Tuesday, February 18, 2014

Fretboard Binding

Gluing the purfling to the binding before it's attached to the fretboard edge seemed to be the most logical approach when I began binding my fretboards, but I found it a challenge to accurately align the lower edge of the purfling with the underside of the board, no matter how careful I was when gluing and clamping it in place.

I managed to achieve acceptable results on the first couple of bound fretboards, but was uncomfortable with the process and felt there must be a better way. After dwelling on the problem off and on for a while, it occurred to me that I could just glue the binding on first - sans purfling - without fussing too much about aligning its lower edge exactly.

To solve the problem, I've knocked together what could best be described as a mini router table. With my laminate trimmer clamped in position from below, and a makeshift fence in place, I make some test cuts on scrap, adjusting the trimmer so that the rebate cut by the router bit will be the exact depth of the purfling strip. The width of the rebate isn't quite as critical, as long as it's less than or equal to the width of the purfling - any overhang can be trimmed off later.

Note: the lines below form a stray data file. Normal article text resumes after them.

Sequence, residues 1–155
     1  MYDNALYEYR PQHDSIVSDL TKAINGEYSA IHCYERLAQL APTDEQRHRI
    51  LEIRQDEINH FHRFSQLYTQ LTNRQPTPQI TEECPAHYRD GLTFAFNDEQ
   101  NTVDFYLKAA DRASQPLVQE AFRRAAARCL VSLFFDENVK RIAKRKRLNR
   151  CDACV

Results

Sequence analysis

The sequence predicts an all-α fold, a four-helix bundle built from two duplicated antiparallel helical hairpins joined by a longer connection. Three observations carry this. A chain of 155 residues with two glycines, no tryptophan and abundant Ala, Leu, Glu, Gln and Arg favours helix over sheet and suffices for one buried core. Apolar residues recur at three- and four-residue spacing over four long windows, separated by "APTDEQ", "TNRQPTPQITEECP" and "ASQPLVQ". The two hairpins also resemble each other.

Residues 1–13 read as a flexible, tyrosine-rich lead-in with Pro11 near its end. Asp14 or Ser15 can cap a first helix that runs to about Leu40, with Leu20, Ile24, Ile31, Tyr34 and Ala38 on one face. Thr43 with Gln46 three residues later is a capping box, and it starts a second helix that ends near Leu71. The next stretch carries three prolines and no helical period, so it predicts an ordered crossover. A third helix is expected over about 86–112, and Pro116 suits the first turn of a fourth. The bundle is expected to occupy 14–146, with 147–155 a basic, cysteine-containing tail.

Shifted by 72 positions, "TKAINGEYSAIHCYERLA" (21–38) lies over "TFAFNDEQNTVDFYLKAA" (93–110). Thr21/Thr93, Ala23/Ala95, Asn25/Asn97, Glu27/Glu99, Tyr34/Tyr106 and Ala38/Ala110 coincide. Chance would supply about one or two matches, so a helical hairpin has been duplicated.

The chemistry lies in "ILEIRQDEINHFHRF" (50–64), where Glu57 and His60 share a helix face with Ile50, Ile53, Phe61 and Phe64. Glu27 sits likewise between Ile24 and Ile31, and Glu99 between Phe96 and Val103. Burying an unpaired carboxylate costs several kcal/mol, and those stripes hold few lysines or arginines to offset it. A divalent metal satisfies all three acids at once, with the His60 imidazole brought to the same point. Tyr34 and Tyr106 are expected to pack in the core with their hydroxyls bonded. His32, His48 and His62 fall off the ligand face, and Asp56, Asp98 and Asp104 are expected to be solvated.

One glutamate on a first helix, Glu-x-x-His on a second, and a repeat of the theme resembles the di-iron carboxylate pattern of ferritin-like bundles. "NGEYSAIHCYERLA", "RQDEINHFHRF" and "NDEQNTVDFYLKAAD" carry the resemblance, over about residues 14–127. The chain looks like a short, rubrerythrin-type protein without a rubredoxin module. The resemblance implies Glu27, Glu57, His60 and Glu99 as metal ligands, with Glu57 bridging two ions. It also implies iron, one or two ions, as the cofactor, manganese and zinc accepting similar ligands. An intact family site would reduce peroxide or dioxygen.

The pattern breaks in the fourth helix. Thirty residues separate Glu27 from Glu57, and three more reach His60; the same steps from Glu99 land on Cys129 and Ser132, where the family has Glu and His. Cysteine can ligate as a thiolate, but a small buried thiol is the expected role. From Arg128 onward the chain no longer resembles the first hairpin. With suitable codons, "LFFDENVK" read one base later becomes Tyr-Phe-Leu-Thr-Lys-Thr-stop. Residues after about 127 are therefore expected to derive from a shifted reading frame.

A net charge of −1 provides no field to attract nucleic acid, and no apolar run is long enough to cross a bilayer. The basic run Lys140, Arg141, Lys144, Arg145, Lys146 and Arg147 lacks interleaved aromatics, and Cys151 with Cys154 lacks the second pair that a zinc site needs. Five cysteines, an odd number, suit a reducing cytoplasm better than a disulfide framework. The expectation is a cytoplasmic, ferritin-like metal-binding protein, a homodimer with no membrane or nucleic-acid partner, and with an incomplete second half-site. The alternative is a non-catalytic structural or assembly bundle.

Having set up the trimmer and fence, it's a simple matter of running the bound fretboard along the fence to accurately form the rebate for the purfling. The curved sections at the soundhole end of the board deserve some special treatment, but they're easily addressed using a similar approach.

All that remains is to glue the purfling strips into the rebate, with help from the same clamps used to glue kerfed linings strips in place. The purfling at the soundhole end of the fretboard is mitred to achieve a neat look.

I'm sure there are other equally effective methods, but this one works for me!